The third part is treatment. "If someone has a mutation it has a big effect on how they are treated,” says Laraki. “We just announced a study we're doing with Fred Hutchinson University in Washington, where we're testing all metastatic prostate cancer patients in the entire state, because if you have prostate cancer and you have a BRCA2 mutation the type of therapy you should be getting is different, and that has a big impact on outcomes."
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Getting access to genetic information has traditionally been very expensive, however, since Color launched its BRCA1 and BRCA2 tests for $100 in October 2017 they've proven to be very popular. Over time the company is planning to expand testing to other forms of cancer as well as other health areas.
The big motivator, as Laraki explains, is to focus on prevention and early detection. "If you look at our healthcare spend, in the US especially but it's very similar across the world, most of it is on treating disease. The basic model is that we wait for something to break and then we try to fix it. In the US only 3% of healthcare spend is on prevention. Just moving the cancer diagnosis up a stage, from four to three, three to two and so on, you double the survival rate and take out 50% of the cost.
"That's a bigger impact than any cancer therapy that's ever been invested in its history. It's achievable through prevention and early detection.
"There's a massive shortage of genetic counsellors globally," he continues, "so we built a lot of tools that enable our counsellors to spend the vast majority of their time talking with patients and doctors. We've seen a significant increase in of doctors who are not cancer or cardiovascular disease specialists starting to adopt genetic testing as part of general prevention."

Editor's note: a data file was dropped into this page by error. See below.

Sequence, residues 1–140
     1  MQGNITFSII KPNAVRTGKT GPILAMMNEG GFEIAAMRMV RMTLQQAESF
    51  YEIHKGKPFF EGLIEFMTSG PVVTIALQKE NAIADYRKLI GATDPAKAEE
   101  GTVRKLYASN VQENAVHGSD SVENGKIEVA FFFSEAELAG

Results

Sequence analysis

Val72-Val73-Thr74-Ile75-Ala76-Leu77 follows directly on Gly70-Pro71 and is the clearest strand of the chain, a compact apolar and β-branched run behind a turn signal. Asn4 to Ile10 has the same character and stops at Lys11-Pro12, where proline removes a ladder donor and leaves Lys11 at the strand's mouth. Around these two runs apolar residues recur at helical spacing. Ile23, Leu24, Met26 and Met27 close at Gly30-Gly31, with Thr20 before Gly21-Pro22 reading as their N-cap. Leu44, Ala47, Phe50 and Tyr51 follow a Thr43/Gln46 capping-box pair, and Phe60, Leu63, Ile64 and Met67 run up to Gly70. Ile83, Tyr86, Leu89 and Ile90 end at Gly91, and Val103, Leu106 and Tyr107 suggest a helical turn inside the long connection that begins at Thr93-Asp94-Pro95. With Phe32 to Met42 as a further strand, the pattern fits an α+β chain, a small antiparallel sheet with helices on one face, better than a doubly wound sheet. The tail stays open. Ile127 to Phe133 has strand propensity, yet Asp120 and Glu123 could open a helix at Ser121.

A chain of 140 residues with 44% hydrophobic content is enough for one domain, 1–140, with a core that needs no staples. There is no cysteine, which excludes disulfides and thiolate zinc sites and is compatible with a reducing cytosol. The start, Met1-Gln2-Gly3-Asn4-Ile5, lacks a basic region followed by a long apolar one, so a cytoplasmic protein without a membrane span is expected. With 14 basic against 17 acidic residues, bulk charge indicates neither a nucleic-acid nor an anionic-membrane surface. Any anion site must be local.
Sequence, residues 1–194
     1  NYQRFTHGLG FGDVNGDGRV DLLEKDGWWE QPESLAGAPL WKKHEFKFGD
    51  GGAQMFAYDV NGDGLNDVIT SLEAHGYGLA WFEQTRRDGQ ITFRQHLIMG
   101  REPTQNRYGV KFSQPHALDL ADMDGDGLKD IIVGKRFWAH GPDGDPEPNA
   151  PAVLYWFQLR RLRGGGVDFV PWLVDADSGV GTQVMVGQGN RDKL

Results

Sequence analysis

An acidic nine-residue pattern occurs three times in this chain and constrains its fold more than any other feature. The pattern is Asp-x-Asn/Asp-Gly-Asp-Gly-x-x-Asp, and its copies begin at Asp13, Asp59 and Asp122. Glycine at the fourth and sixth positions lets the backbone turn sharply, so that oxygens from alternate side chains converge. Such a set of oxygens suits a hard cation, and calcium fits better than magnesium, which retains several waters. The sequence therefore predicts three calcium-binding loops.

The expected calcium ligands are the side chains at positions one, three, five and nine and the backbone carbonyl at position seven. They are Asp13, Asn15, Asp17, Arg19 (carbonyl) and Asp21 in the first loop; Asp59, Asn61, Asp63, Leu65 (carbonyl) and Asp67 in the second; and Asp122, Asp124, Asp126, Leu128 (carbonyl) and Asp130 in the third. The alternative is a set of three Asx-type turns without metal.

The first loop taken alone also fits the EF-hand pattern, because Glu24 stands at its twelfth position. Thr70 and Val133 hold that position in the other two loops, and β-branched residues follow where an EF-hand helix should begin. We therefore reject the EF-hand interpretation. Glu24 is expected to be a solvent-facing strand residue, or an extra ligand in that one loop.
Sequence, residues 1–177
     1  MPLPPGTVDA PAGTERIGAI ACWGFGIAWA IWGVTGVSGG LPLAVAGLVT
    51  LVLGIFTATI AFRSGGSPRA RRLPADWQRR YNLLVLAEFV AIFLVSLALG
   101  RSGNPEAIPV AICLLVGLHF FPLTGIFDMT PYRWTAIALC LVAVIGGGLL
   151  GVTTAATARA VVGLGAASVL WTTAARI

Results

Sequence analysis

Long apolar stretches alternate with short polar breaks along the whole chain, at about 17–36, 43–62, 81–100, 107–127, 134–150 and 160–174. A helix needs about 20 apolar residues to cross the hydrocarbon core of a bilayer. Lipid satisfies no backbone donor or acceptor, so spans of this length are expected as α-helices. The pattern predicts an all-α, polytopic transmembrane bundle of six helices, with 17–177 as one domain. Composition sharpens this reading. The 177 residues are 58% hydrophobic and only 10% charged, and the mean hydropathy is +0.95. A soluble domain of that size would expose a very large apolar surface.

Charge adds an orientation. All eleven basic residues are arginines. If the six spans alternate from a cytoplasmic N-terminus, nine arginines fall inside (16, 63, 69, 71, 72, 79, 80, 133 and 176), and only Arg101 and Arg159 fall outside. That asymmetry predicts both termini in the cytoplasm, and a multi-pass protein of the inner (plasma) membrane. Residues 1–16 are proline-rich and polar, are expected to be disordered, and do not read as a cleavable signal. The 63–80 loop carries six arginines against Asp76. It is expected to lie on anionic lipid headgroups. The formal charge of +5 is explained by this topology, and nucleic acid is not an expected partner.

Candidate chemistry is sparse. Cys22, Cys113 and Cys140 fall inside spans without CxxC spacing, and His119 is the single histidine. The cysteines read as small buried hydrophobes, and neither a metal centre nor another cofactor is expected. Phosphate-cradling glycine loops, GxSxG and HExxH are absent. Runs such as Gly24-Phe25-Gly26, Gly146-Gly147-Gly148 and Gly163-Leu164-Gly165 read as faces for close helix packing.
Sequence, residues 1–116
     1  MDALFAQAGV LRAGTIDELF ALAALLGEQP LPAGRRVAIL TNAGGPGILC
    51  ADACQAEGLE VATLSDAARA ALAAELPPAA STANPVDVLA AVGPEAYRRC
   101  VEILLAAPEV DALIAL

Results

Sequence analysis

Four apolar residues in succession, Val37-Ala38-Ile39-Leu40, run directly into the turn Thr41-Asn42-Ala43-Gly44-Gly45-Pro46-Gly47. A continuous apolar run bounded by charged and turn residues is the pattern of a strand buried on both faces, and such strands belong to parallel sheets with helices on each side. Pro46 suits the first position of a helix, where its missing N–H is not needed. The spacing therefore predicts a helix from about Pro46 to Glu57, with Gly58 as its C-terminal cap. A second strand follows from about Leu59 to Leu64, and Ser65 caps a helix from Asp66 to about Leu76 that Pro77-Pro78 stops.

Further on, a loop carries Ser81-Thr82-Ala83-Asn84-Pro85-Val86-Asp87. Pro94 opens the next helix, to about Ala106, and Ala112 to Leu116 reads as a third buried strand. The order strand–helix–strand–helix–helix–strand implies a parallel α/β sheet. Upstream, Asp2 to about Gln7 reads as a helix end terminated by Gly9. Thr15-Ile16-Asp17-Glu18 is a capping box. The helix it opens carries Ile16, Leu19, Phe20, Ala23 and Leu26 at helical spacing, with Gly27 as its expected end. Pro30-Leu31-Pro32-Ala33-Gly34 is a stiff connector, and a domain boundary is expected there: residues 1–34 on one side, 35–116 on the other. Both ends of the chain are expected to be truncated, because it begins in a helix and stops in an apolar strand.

This is beneficial to patients, but also helps to educate OB-GYNs and general practitioners who may never had to counsel someone on genetic mutations before.
The plan is to roll the scheme out worldwide, but the challenge is to get local doctors fully trained in genetic counselling. "[In the] UK there's already a lot of genetic counselling availability, but there are definitely countries where there's a lot to do, where there's zero local genetic counselling. That's going be an important aspect of our growth, in terms of how we bridge that gap for different geographies.”
Laraki believes that the UK is likely to become one of the world leaders in doing this population level prevention, where he says "there's definitely a lot of forward thinking.”
"I do think it is literally the highest ROI investment that is available in healthcare, for both wealthy countries like the UK and the US, as well as developing countries," Laraki says. "If you look at a country like Nigeria, 180mn people have 40 oncologists, that's less oncologists than in London. There needs to be a big investment on the treatment side, but I think there might be an interesting effect where similarly to how a lot of developing countries leapfrogged from landlines directly to cellphones, I wonder whether we might see something similar on the prevention side.
"For every late stage cancer, you prevent, you can provide genetics and early detection for 1,000 people from the beginning. It's going be interesting to see the broad adoption in countries like the UK and the US. I think in the next few years there'll be true population level precision prevention, but it might also happen in developing countries in a similar time frame."